Years from now, we'll look back at the turn of the century and remember a time when you could have cybersex with a perfect stranger who remained a perfect stranger, buy a car from someone whose hand you never shook and have your precious retirement money moved around by someone who might have possessed the professional business presence of a crack dealer -- who knew? But by then, state-of-the-art photo imaging will make it possible to see the people you're dealing with on the Internet, and service will become a little more personal again.
Right now, it doesn't get more personal than at Petra's. Owner Petra Barnes is easy to identify: Her face is on the menu, and there's no mistaking her leggy frame as she races around, trying to make sure that everyone's needs are met. And more often that not, she succeeds. But how could she miss? This New Orleans-themed eatery serves up down-home standards and quirky, contemporary twists on Southern classics, all in a Mardi Gras atmosphere -- complete with fiberglass cutouts of saxophone players, vibrant wall murals depicting scenes straight from Bourbon Street, and a patio that's as inviting as a cool breeze in the French Quarter. Let the good times roll!
Barnes and her fiancé, Michael Walker, opened the restaurant last December, after running a Denver catering company called Classic Gourmet for six years. Finally, the engaging Barnes explains, she decided it was time to have a place of their own. "I never wanted to be one of those 'what if?' types of people," she says. "I said, 'Are we going to get to the end of our lives and say we wish we'd done it?' No, thanks."
And so she and Walker -- whom she'd met in a fairy-tale sort of way, just like his parents and grandparents had, at the University of Arkansas at Pine Bluff -- dug around in their basements and files to find all the favorite family recipes from their childhoods. Most of Barnes's was spent in Illinois, but her grandmother had lived in Mississippi; although Walker moved to Denver when he was ten, his family had roots in New Orleans. So both had a lot of Southern cooking in their background. "Almost all of the food we do here at Petra's comes from our grandparents' recipes," Barnes says. "David does the cream sauces and the specials, but the things like gumbo and catfish are right from Michael's and my heritage."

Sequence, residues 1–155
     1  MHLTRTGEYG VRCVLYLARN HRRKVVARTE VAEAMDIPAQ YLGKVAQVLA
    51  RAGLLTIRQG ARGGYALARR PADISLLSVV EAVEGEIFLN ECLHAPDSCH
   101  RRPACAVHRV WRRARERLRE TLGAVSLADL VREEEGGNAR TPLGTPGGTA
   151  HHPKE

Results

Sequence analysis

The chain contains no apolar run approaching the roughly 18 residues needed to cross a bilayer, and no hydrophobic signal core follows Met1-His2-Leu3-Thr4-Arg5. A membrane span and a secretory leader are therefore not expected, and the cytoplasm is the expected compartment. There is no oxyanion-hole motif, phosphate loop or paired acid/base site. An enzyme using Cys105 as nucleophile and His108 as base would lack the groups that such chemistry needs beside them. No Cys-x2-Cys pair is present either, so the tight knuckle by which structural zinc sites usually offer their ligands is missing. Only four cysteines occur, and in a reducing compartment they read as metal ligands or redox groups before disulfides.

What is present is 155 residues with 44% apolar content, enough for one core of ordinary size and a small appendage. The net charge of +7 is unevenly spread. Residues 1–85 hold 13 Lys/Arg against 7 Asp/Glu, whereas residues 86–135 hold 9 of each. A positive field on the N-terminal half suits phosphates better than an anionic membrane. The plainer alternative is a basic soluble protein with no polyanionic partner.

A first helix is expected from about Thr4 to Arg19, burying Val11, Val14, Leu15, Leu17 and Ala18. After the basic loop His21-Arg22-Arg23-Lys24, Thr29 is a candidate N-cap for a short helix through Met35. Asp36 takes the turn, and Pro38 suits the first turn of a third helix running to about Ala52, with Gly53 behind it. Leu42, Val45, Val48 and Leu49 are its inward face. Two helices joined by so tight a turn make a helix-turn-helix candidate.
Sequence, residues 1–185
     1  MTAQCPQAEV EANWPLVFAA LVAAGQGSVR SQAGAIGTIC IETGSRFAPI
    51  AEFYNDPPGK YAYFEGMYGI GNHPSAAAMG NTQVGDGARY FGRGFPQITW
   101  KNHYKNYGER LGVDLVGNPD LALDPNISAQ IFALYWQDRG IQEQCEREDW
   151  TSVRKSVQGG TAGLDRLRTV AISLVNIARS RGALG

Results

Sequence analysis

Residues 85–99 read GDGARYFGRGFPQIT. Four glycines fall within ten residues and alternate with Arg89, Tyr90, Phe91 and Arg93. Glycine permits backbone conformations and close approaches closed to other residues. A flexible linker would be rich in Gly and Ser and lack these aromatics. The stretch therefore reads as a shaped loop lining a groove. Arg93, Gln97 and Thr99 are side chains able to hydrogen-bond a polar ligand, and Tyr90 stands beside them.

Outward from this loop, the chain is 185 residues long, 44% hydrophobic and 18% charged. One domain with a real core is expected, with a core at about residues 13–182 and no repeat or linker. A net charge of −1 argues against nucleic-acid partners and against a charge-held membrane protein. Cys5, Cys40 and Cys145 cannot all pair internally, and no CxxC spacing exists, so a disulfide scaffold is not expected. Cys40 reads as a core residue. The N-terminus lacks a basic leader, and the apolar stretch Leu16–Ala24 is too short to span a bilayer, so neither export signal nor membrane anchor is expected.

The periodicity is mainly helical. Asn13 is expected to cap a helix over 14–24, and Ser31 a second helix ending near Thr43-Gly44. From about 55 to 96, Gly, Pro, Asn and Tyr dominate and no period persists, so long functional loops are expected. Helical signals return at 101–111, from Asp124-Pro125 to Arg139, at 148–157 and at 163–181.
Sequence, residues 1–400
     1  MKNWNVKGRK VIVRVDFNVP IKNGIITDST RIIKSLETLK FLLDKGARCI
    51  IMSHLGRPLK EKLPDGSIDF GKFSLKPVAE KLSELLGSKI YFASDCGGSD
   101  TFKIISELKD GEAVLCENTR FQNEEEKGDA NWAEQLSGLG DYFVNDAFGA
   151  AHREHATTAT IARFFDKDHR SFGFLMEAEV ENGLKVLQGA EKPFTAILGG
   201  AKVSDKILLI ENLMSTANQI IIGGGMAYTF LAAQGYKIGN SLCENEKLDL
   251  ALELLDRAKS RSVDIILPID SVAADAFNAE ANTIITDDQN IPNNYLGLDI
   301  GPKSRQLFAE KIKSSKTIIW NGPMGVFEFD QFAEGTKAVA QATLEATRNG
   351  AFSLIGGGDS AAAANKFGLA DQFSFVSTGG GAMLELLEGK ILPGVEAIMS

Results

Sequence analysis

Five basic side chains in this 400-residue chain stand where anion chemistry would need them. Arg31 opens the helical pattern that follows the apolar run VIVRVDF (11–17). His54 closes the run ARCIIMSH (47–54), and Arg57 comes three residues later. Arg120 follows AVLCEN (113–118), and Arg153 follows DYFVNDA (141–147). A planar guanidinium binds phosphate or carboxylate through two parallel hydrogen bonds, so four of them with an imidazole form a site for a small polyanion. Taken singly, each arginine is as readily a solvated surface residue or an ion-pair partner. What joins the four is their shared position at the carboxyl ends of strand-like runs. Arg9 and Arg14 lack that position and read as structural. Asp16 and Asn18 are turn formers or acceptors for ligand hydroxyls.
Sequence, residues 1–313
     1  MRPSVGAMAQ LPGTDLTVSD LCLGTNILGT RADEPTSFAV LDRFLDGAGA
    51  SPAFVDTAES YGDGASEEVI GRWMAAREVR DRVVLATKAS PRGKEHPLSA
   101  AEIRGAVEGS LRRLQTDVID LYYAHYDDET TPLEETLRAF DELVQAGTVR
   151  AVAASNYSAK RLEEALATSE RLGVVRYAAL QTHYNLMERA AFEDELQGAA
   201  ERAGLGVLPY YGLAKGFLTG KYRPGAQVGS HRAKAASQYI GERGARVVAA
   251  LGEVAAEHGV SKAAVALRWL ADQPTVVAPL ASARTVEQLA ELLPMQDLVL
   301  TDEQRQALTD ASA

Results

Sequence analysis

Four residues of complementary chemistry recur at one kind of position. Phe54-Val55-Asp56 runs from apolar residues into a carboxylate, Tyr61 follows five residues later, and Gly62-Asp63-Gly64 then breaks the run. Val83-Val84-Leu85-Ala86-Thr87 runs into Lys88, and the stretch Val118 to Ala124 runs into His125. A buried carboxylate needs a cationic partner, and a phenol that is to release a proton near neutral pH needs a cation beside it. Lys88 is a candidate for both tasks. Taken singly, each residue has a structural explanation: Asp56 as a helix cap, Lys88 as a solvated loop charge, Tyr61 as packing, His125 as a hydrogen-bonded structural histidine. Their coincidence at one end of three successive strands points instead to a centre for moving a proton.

"David" is David Dreps, Petra's chef, whose dishes have been improving steadily since the restaurant opened. But the intimate touches provided by Walker and Barnes, along with their constant presence at the restaurant, are what make Petra's special.
On my first visit, I happened to mention to Petra that I was out for a relaxing solo evening, without children and with a pile of magazines that had been stacking up for months. Quick as a wink, she handed me a complimentary Blue Hawaii -- a potent blend of rum, Cointreau and blue Curaçao. "You just settle in there," she said. "I'll bet you've earned it." She was right, and I deserved not just pampering, but the fabulous food that followed, starting with the crunchy-shelled crawfish cakes ($7.95) filled with sweet, cayenne-fired crawfish meat that got an extra boost from a rich, spicy aioli.